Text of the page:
How to Be Productive and Creative in Times of Panic
It wouldn’t hurt to mute the word ‘coronavirus’ on social media for 24 hours
Hours after the 9/11 attacks, I finally made it back to my apartment in uptown New York City. Like everyone else lucky enough to return home that day, I existed in a daze, not comprehending what had just happened and no longer sure how to function. I had no idea how to manage my anxiety in the weeks that followed, so I surrendered to the 24-hour news cycle and drank myself to sleep, hoping this would help me reclaim the world I had lost.
While the coronavirus pandemic is a very different world event, the hysteria feels oddly familiar to what we experienced in 2001. Back then, public spaces seemed like death traps; today they feel like contagion zones. We don’t know whether to trust the news. And there’s no end in sight.
I didn’t know how to deal with panic back in 2001, but I’ve learned some more productive approaches since then. Here are some tips for staying calm, productive, and even creative during the coronavirus outbreak.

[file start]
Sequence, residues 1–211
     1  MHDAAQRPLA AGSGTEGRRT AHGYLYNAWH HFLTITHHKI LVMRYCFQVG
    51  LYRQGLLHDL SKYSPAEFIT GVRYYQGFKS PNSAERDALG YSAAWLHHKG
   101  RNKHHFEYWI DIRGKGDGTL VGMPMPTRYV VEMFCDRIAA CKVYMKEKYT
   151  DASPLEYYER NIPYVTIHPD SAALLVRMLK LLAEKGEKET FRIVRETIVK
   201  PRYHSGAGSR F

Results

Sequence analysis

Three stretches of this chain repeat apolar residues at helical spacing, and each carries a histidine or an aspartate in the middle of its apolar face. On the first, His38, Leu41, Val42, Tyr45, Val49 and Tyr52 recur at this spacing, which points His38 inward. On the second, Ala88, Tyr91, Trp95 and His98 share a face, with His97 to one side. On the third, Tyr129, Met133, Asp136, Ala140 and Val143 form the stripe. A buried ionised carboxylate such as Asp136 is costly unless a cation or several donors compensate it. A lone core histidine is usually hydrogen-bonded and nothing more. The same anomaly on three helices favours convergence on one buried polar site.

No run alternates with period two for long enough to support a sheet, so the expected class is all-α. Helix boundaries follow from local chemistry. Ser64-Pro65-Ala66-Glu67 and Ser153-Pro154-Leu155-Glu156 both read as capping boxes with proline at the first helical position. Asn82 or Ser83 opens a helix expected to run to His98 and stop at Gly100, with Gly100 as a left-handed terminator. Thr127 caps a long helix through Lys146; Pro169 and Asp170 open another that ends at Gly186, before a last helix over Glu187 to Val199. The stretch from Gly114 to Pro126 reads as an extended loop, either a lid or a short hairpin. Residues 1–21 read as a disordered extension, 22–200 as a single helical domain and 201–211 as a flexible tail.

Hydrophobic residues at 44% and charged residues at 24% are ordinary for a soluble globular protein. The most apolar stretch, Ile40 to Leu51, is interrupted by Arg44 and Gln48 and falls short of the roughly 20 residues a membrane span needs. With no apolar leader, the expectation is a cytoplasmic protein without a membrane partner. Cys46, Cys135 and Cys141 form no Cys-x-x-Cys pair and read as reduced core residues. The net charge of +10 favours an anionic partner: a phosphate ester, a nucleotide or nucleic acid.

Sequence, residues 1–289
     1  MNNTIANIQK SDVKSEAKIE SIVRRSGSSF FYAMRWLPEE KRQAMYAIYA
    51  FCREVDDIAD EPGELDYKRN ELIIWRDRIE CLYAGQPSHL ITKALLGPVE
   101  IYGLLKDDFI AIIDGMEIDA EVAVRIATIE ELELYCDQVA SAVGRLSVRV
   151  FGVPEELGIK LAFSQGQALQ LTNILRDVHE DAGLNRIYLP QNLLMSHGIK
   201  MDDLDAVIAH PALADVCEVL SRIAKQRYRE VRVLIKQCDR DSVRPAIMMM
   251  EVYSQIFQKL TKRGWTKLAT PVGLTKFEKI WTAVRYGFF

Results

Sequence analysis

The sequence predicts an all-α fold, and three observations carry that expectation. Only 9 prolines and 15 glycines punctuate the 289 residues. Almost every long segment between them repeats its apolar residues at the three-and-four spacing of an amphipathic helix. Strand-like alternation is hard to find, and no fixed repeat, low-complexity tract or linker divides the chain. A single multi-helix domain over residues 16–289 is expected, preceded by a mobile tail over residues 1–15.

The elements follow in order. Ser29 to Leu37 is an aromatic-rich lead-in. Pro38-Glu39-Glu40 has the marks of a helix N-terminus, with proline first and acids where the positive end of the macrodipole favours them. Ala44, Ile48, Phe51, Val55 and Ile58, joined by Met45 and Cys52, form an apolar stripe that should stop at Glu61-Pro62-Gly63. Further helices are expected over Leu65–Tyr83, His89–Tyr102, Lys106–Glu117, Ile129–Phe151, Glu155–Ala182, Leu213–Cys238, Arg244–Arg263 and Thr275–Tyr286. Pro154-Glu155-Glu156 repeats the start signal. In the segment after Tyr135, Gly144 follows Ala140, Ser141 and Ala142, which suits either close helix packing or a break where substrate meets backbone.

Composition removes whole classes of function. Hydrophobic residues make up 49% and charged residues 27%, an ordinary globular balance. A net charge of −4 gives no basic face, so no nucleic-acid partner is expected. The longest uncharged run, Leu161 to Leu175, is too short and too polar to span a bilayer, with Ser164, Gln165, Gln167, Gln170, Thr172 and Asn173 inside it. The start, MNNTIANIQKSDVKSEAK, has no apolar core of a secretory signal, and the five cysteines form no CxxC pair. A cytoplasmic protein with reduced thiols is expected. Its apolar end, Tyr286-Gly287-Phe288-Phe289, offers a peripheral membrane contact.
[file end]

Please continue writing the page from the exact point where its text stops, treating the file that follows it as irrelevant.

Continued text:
Avoid the panic amplifiers
Much has been written about how social media intensifies our anxiety, and we never see this more clearly than during a crisis. Yesterday, I made the mistake of visiting my town’s Facebook page, and the first post I read was one that questioned whether school officials were doing enough to keep classrooms disinfected. A heated discussion followed, with people telling each other they were overreacting, or underreacting. I got fully sucked into the drama, and before I knew it, an hour had passed.
To protect your mental health, limit your social media intake to a specified amount of time and make use of blocking features. Twitter allows you to mute specific words — you might want to do this with “coronavirus” or “COVID-19” for 24 hours once a week, just to give yourself a break. Of course, it’s still important to stay informed, so follow official health organizations such as the WHO, CDC, and your local offices of emergency management, along with one national and one local news source. Check these sites twice a day max. While the news is constantly changing, obsessing over minute-by-minute updates won’t do you any good.